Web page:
Bulletin of Tanzanian Affairs
Issued by the Britain-Tanzania Society
No. 20 January 1985
The Sokoine University of Agriculture: extracts from a speech by Julius K. Nyerere
Tanzania’s Long Term Prospects – J. Roger Carter
Changes in the Standard of Living – J. Roger Carter
Socialism and Capitalism: from a. speech by Prof. A.M. Babu
Books: Resources and Industry in Tanzania by J .D. V. Jones – Andrew Coulson
Ox Cultivation in Tanzania by Finn Kjaerby – Prof. Royston Jones
Tanzania’s Water Supplies: quoting from Allen Armstrong
Tanzania’s Constitutional Amendments – B.T.M. Nyanduga
Resumption of Rail Traffic – P.R. White
Some of the Members of the Britain-Tanzania Society enjoyed two notable evenings recently. First, there was Glyn Roberts, who spoke at our Annual General Meeting about ‘Tools for Self-Reliance’ – surely one of the most pragmatic forms of foreign aid. He explained how, on the death of the father of a typical family, mother is often left with a garage full of tools and how much this circumstance had contributed to the beginnings of what has now become a very large effort to collect, supplement where necessary, refurbish, pack and despatch large numbers of tools to needy craftsmen in the developing world including, in particular, Tanzania. The mention of tools brings us to the subject of ox cultivation. Comprehensive studies have recently been published on this subject. One deals specifically with Tanzania and is reviewed in this issue. Another, an assessment of animal traction in Francophone Africa from Michigan State University, states that results in West Africa have often been well below expectations due to lack of improved crop husbandry practices to complement the ox cultivation, land shortage and competing demands for labour. The paper suggests more applied research and comparative studies of ox, donkey and horse draught, insurance of animals and equipment to lessen risks and better balanced crop systems.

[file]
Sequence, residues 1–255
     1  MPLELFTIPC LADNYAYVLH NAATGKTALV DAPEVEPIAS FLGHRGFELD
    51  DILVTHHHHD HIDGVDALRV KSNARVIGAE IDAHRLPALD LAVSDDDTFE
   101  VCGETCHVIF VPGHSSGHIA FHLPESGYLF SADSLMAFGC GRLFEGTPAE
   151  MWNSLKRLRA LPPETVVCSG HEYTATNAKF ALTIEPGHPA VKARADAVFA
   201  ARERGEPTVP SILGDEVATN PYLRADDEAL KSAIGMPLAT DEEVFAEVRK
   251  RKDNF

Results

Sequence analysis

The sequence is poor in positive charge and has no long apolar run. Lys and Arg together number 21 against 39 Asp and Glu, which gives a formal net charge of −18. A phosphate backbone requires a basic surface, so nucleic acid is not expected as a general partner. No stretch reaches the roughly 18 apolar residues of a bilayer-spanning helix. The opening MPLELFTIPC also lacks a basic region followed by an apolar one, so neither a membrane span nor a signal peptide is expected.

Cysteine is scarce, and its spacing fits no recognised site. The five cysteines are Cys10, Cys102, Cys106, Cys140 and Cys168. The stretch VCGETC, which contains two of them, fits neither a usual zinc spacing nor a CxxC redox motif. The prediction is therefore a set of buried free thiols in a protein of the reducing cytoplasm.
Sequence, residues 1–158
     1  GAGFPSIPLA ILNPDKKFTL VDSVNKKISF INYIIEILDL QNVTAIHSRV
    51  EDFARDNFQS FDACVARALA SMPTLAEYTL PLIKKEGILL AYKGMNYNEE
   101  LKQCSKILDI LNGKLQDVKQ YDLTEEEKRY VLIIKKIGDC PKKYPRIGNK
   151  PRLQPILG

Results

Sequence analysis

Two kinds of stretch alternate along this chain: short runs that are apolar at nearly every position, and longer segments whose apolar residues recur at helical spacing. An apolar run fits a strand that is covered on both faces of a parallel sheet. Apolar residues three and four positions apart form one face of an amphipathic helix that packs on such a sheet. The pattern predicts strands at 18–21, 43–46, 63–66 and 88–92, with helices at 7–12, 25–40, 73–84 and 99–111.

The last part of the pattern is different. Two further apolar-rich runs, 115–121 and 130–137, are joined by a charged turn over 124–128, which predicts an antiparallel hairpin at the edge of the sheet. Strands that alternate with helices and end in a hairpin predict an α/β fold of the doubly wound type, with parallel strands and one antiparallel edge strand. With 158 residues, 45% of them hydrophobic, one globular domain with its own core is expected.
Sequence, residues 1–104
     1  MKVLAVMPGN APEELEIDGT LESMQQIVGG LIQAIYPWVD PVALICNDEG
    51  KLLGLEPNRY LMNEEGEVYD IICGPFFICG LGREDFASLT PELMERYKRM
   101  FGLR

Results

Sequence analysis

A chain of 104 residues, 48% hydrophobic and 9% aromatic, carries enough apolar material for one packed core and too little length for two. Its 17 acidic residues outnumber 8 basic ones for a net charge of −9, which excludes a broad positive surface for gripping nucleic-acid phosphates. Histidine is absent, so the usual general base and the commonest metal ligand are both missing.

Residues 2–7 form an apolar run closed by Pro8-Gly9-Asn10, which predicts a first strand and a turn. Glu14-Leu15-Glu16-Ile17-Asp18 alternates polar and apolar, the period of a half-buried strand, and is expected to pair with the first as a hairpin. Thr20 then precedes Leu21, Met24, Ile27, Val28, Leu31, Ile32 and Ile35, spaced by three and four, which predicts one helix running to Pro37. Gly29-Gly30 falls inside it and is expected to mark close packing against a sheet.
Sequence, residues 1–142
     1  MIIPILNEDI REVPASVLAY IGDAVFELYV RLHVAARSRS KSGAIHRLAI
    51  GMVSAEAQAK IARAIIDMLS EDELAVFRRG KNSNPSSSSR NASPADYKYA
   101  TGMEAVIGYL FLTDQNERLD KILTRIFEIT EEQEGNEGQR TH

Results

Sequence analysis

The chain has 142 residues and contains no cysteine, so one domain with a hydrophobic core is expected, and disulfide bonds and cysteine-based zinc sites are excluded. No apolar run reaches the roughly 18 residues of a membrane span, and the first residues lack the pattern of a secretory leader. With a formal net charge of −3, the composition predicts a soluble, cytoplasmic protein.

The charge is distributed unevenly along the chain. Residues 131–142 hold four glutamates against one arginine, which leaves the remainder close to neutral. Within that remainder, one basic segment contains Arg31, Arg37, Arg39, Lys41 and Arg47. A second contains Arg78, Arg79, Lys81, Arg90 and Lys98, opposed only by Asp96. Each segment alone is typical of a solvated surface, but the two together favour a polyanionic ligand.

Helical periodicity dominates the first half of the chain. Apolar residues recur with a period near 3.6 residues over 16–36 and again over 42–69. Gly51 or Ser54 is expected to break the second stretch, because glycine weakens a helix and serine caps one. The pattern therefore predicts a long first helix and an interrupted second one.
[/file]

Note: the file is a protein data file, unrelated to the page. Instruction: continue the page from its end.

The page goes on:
The second notable occasion was a talk by Hon. Lawrence Gama MP, grandson of one of the leaders of the Maji Maji uprising, who since 1977 has been Regional Commissioner in Ruvuma Region and has been visiting Britain. He was happy to tell us that Ruvuma had been able to produce a record (since 1974) crop of 420,000 tonnes of maize this year. He attributed this partly to the use of fertiliser, closer spacing and better seed and also referred to the growing practice of interplanting with Sunn hemp (Crotalaria juncea), a nitrogenous legume, to reduce the fertiliser requirement. In discussion Mr. Gama did not disguise the problems he faces in administering his remote Region. Communications remained a major problem, though the completion of the Makambako to Songea road with UK aid at the end of 1985 would greatly ease access to the Region. In education we learned that the national ratio of 2.6% of primary school leavers able to gain entry to a secondary school meant, in the case of Ruvuma Region, only 300 places for 20,000 primary school leavers.
We wish to record the visit between 3rd. and 13th. December of an important delegation from Zanzibar headed by Hon. Seif Shariff Hamad MP, Chief Minister of Zanzibar and including also Hon. Taimur Saleh Juma MP, Minister for Finance, Ndugu Abdullah Said Haji MP, a member of the Zanzibar House of Representatives, Ndugu Abdullah Juma Khatib, Governor of the Zanzibar People’s Bank and Ndugu Mohammed Mwinyi Mzale, Principal Secretary in the Office of the Chief Minister. The Britain-Tanzania Society cooperated with the Royal Commonwealth Society in a meeting addressed by the Chief Minister on 5th. December.
Elsewhere in this issue is part of a press report in the ‘Daily News’ of an address to the University of Dar es Salaam by Ndugu Abdulrahman Mohammed Babu, one of the leaders of the Zanzibar revolution and a former Minister in the Tanzanian Government, now teaching as a Professor of International Relations in the University of Massachusetts.
I recently had occasion to visit the Tanzania High Commission in London in its building at 43, Hertford Street, London W1Y 7TF. I thought it might be useful for readers to know who is working there and so we are publishing in this issue a list of the present members of the staff, including two who are working in the Tanzania Tourist Office at 77, South Audley Street, London W1Y 5TA.
It may interest our readers to know that we exchange copies of our respective journals with our fellow Tanzanian societies in other European countries. The names of the societies and their journals are as follows:
Amities Franco-Tanzaniennes- ‘Urafiki Tanzania’
Svensk-Tanzaniska Foreningen- ‘Habari: Information om Tanzania’
Norge-Tanzania Foreningen- ‘Hodi’
Dansk-Tanzaniansk Venskabsforening (Dantan)- ‘Kumekucha’
We are grateful for receiving these journals and find ourselves quoting from them, or reproducing their articles, from time to time. We like the Danish title ‘Kumekucha’ (The Dawn has Come) and wonder whether there might be a better title for our Bulletin. If you agree, do send me your suggestions.
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